This week we’re fangirling over new fonts, stepping out in a new shirt, shaking hands with our Bitmoji, and having a creamy conversation about Kraft Mayo. Speaking of mayo, we’re getting excited about our 3-day company offsite in Woodstock, NY, but don’t be jealous — Harvard Business Review told us to! We’ll be back with more Friday Fives in August.
Microsoft has said goodbye to Calibri and hello to Aptos, its new default sans-serif font inspired by mid-century Swiss typography. Although Calibri has been the default Office font since the release of Office 2007, Aptos has actually been years in the making and will start rolling out for Microsoft users this month. Although it might take some adjusting to, we’ll always root for the underdog.
If you are one of the many people who want to wear an “I ❤ NY” shirt but also think they are terribly corny, you might be happy to hear there is a much funnier, much New York-ier version hitting the streets. It’s a t-shirt labeled with “Daddy’s little meatball” on it now being sold in most gift shops in Little Italy. It’s the perfect way to capture the zeitgeist that is New York Italians if you ask us, and we can’t wait to wear it.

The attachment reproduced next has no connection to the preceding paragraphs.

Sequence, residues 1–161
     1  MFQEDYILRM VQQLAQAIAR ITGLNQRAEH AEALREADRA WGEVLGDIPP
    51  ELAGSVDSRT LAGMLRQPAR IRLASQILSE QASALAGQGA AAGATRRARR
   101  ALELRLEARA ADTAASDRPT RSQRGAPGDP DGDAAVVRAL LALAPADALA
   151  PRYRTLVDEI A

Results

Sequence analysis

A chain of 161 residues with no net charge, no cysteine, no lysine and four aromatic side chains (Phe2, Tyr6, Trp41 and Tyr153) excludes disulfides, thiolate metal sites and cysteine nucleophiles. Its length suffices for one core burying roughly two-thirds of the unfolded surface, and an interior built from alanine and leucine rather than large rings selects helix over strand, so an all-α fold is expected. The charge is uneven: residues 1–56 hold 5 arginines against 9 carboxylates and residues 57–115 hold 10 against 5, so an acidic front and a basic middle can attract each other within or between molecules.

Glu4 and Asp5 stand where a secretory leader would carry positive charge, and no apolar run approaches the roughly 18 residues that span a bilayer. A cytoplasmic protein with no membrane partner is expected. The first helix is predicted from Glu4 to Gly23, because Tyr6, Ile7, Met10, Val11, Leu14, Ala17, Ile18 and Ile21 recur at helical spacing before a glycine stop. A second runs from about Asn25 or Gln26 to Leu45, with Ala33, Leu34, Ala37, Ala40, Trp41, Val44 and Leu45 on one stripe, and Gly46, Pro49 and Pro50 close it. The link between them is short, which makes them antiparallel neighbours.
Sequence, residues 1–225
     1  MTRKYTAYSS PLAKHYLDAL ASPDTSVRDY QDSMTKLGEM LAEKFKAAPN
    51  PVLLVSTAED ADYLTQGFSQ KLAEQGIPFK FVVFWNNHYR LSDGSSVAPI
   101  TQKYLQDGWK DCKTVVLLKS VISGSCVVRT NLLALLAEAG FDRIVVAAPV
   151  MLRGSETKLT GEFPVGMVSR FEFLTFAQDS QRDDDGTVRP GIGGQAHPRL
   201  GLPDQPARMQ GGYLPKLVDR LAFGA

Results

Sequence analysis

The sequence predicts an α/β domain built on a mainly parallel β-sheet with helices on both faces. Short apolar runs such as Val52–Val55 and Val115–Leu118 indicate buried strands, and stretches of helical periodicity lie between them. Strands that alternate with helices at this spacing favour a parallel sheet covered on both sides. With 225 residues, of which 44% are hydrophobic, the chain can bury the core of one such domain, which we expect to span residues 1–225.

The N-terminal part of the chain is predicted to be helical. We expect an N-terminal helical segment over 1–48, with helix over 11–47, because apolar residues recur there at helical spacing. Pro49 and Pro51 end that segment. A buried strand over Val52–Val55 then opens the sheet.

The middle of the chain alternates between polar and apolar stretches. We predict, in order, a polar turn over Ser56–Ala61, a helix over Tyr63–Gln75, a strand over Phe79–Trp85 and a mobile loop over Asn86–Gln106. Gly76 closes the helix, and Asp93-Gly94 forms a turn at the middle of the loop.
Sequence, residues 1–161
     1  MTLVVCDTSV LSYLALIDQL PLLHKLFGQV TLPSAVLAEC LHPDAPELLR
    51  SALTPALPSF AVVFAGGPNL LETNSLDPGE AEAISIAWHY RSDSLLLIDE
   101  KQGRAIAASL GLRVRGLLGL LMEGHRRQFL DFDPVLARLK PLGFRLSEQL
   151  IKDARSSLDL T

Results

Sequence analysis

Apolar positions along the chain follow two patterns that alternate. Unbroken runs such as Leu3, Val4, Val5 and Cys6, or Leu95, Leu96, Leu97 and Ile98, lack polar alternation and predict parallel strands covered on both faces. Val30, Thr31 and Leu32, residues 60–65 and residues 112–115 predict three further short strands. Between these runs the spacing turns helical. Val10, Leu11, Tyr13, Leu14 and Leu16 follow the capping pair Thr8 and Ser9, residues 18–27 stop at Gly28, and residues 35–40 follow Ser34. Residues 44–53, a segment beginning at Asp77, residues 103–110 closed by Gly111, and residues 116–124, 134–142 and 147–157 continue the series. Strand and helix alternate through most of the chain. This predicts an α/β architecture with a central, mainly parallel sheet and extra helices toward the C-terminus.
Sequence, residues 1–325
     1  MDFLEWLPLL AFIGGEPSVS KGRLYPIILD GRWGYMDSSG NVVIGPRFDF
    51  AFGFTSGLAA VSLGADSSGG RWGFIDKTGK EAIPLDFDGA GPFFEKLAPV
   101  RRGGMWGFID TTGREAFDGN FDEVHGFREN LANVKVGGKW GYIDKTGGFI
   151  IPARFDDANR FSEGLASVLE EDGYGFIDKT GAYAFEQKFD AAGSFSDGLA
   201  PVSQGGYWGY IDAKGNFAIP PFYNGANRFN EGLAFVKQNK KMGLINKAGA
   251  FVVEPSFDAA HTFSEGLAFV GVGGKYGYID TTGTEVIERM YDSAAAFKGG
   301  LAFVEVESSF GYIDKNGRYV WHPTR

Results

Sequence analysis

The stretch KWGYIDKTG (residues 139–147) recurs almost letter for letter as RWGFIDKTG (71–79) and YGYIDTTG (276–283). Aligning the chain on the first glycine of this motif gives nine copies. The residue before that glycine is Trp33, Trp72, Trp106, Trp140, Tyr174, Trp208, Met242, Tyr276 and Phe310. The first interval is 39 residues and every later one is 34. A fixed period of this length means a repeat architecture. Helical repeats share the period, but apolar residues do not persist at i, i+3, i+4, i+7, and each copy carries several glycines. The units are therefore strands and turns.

The Writer’s Guild of America (WGA) strike is a litmus test for the future of creativity and AI. Writers want stable compensation for their writing, especially their work on streaming content. It seems like the obvious choice is to pay them, but Silicon Valley begs to differ. Tech is luring studio executives with the promise of generative script-writing AI that can replace human brains with tireless word bots that never complain about “needing food for their families.” Not to be dramatic, but this is a battle for the soul of human creativity. Come to think of it, that’s not a bad script idea right there…
Snapchat just announced that after four previous versions of beloved Bitmojis, they are finally becoming three-dimensional. After conducting usage research, Snap discovered 85% of Gen Z have their own Bitmoji, and 250 million people use them every day. So as visual expression becomes more prevalent to their user base, why not give the people what they want? Mini versions of themselves.
If you were on the hunt for a good deal this week, you might have meandered to Amazon’s Prime Day. The UX design resembles that of extremely chaotic old-timey supermarket advertising spreads with photography and red discount tags, but a UX designer thinks there might actually be some method to the madness. By creating a whole spread of deals-at-a-glance, you feel the joy of stumbling onto a great find. It’s like a digital treasure hunt, just more painstaking and not for kids.